In Pursuit of Perfection: Lessons from 4th Graders on Flexibility and Improvisation
- By Caleb Wiebe
Right from the start ArtistYear tested my ability to be flexible. I was surprised to be placed in West Philadelphia’s Powel Elementary School where teaching trumpet or other brass instruments––what I’ve spent years studying––wasn’t an option. My years of conservatory training had prepared me to play Beethoven or Mahler symphonies, I thought, and not to teach recorder classes to eight-year-olds! Still, I entered the year with an open mind, and I quickly realized that I actually had a lot to offer these young, energetic students.
At the start of the school year, I began teaching recorder classes to sixty second, third, and fourth graders, in groups of ten. I approached my lesson planning in my opening months the same way music school had conditioned me to approach music––with the aim for perfection. Even though all of my incredible past conservatory teachers would agree perfection is not the ultimate goal, my years in intense conservatory environments had trained me to strive for perfection. So at the beginning of the year, I prepared every detail of the lessons, spending a substantial amount of time considering every moment from the time students entered the classroom to when we walked back to their homeroom. I noticed very quickly, however, just how rarely a class went exactly according to plan. I realized that without adopting a more flexible approach it was going to be an overly stressful year and that I might miss the type of impact I was striving for.
By being flexible, I was spending less time working to make my “perfect” plan fit the students, and instead allowed myself to read the vibe of the class and take the lesson in a different direction, if need be. As an example, one day in the middle of a 4th grade class it became apparent that the drudgery of practicing the classic song, “It’s Raining, It’s Pouring,” was just not going to happen. I tried spicing up the process by inserting some new techniques but it was of no use. Instead, I pulled out my phone’s handy metronome and set it to 80 beats per minute. Instantly, they were fascinated with the flashing red light and sound of the beat. I told them everyone had 16 beats to improvise their own song, but there was a catch: they could only play the song on a single note. Although not everyone created a brilliant single note song, they were engaged. Through moments like this, I’ve since been able to build closer relationships and have worked to increase my patience with those who have needed extra attention.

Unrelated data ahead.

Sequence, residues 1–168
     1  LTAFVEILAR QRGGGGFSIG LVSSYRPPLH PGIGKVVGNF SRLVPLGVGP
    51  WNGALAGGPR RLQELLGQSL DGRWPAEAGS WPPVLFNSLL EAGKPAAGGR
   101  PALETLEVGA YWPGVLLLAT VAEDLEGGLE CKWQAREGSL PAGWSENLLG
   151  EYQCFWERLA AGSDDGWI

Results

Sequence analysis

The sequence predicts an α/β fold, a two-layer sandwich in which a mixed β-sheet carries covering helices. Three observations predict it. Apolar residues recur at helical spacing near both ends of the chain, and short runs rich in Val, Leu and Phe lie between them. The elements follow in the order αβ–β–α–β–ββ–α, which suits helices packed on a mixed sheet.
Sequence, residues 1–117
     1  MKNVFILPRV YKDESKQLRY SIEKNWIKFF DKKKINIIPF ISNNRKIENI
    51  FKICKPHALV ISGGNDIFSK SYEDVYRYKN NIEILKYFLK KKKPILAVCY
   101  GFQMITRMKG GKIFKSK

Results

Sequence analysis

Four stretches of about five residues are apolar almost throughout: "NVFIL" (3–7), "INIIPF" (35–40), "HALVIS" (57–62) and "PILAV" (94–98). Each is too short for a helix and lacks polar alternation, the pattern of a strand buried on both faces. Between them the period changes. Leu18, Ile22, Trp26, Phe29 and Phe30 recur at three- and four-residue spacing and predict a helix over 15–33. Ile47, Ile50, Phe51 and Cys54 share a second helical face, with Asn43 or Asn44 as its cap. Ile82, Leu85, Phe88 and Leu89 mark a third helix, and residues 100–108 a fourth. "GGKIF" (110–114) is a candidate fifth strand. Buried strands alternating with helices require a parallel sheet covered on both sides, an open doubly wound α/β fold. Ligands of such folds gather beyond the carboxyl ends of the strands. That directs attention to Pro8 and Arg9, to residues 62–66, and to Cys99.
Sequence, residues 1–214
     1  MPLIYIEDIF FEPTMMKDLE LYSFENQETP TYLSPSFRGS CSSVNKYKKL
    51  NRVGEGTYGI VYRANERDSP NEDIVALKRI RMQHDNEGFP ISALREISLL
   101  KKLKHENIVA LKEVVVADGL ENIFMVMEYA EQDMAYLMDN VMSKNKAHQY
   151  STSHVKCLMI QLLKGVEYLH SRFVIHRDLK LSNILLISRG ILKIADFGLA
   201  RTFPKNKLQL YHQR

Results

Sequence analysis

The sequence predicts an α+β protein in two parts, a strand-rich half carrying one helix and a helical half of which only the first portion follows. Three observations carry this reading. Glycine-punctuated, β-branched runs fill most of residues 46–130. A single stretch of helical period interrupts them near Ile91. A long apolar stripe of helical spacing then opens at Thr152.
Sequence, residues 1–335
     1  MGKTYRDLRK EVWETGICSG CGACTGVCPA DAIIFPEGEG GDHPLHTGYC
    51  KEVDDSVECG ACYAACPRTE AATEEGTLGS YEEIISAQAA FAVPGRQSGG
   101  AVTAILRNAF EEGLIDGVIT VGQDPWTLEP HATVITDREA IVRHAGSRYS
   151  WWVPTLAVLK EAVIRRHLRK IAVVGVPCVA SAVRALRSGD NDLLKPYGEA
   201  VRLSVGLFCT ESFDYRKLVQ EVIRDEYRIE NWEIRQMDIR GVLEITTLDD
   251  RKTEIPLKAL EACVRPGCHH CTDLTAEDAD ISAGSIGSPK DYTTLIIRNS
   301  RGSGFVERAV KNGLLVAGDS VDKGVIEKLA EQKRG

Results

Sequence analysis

I’ve been thinking a lot about how I can take these observations and apply them to my own professional music making. Learning to be flexible in teaching at Powel has enabled improvisation in my lessons and closer relationships with the students. Additionally, while I still feel entrenched in my habitual pursuit of musical perfection, my awareness of my rigidity here is the first step in remembering to pause and instead choose a similar flexibility that will allow for fresh interpretations and closer relationships with future audiences. One simple way to do this is to allow for more flexibility in the recital tradition by incorporating storytelling and discussions in between pieces. Something as simple as telling the listeners about a connection you make with the music or having them listen for a specific motif can change the relationship between performer and audience member dramatically. As I finish up my service year with my elementary students, I’m excited to continue to explore how what I’ve learned at Powel will now influence my performing. And I do look forward to much more teaching in the future, including students as young as my wonderful Powel Elementary School students!